Could we be starting to see the first fruits of the coalition’s welfare reforms? The Office for National Statistics reported today that the number of workless households has fallen for the second year running. It found that just under 18 per cent of households have no adults in work, a fall of 0.8 percentage points from last year. Between April and June 2012 there were 3.7 million households in the UK where no-one was working, down 153,000.
Garyling and his colleague in the Work and Pensions department Iain Duncan Smith will also be buoyed by the news that the number of households where no adult has ever worked also fell by 26,000 from last year to 265,000. The overall number including student households is now 340,000: a fall of 22,000 on last year.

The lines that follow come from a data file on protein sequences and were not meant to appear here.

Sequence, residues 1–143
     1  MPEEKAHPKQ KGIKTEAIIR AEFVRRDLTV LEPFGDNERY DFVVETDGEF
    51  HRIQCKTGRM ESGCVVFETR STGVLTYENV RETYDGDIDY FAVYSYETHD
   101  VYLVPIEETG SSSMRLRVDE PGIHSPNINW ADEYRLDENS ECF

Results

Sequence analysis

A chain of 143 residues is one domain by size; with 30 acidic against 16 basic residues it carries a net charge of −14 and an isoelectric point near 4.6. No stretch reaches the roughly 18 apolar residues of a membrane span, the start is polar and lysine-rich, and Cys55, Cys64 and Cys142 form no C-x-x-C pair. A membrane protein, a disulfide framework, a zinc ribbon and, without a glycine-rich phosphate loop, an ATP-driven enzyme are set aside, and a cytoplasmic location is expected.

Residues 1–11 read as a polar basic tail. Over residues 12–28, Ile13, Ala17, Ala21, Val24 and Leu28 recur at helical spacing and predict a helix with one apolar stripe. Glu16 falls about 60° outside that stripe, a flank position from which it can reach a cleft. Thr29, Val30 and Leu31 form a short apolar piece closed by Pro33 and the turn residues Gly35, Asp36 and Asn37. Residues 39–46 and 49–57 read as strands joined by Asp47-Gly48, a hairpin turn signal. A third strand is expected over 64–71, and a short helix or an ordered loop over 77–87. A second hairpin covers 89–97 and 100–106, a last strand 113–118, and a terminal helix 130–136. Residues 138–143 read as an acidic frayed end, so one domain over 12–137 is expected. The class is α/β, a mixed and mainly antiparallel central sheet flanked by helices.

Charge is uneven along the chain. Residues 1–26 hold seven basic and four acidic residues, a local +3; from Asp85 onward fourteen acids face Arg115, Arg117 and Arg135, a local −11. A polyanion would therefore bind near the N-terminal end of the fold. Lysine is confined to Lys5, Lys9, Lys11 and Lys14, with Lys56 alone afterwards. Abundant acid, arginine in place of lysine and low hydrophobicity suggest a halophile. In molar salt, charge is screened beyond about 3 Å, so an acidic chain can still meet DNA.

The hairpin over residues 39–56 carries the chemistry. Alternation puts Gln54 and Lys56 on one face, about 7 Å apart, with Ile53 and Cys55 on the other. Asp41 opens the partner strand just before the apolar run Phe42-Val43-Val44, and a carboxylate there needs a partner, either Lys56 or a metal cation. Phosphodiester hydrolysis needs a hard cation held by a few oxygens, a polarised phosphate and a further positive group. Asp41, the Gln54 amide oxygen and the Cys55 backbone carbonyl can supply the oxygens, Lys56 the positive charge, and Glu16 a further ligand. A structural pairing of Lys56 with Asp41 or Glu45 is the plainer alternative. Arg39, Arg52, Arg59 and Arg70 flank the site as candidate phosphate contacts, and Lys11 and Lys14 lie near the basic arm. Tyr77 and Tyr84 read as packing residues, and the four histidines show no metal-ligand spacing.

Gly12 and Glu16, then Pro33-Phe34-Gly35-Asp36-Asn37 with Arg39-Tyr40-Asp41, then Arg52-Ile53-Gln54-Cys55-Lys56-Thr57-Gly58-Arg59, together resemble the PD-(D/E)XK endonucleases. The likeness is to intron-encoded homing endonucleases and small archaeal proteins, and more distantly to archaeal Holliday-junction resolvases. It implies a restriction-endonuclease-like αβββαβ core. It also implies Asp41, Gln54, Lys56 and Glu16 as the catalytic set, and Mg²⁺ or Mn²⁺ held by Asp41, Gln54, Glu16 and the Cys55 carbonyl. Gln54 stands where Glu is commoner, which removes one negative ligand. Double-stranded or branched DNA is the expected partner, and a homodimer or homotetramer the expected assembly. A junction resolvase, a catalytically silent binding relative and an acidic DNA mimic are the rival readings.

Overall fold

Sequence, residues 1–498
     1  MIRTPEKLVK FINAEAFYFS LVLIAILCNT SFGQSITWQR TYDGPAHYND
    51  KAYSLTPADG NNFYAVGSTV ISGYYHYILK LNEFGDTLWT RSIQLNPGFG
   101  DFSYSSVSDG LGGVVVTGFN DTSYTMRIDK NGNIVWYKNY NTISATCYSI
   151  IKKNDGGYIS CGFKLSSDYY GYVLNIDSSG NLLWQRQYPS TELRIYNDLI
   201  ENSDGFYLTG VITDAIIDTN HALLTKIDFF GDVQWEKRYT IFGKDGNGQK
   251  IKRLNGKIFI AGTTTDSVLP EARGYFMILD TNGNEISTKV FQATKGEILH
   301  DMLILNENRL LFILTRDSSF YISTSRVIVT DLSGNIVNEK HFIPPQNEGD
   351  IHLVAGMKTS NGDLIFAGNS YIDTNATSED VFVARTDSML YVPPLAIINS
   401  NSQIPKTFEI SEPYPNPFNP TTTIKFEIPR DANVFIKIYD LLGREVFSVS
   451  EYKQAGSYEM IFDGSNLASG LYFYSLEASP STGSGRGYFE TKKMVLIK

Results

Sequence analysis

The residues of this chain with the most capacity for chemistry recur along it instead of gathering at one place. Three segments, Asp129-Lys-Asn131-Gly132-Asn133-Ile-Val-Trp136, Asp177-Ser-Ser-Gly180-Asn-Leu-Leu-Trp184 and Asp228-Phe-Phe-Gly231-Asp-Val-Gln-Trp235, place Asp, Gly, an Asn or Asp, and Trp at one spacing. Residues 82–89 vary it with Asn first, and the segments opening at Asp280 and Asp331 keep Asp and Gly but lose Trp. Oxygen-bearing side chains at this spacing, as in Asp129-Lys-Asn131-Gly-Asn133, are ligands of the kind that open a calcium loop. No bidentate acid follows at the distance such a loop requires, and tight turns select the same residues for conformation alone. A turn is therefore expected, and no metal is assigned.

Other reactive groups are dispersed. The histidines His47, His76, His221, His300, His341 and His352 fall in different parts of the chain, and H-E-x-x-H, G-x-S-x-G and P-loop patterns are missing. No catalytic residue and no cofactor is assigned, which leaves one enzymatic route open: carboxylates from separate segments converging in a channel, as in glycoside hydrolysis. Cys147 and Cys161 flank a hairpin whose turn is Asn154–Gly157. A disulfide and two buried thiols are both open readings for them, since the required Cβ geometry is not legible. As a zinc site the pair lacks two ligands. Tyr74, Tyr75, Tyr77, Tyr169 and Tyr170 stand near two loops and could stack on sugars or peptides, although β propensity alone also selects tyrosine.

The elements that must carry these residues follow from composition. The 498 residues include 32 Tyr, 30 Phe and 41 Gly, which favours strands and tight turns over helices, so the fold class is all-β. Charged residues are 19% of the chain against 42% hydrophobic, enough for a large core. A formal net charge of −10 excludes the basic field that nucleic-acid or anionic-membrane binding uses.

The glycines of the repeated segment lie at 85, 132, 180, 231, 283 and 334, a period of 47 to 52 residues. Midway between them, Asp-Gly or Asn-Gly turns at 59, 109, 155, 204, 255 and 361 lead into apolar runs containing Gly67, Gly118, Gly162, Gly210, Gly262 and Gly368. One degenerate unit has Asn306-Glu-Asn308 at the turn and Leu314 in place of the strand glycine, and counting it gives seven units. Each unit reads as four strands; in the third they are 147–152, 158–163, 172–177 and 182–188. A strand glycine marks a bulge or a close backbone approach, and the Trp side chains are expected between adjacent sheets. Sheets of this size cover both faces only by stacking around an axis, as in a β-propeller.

After all, Duncan Smith was inspired to start his campaign for welfare reform when he travelled to the Easterhouse estate in Glasgow 10 years ago and met families like these, where the parents had never held down a job. In 2002, there were 201,000 households where no-one had ever worked, excluding those made up of students. That peaked at 291,000 in 2011. Duncan Smith will be hoping those reforms that he started mulling over a decade ago will keep the numbers on a downward trajectory so that politicians meet fewer and fewer of these families over the coming years.Tags: Employment, Statistics, UK politics, Welfare reform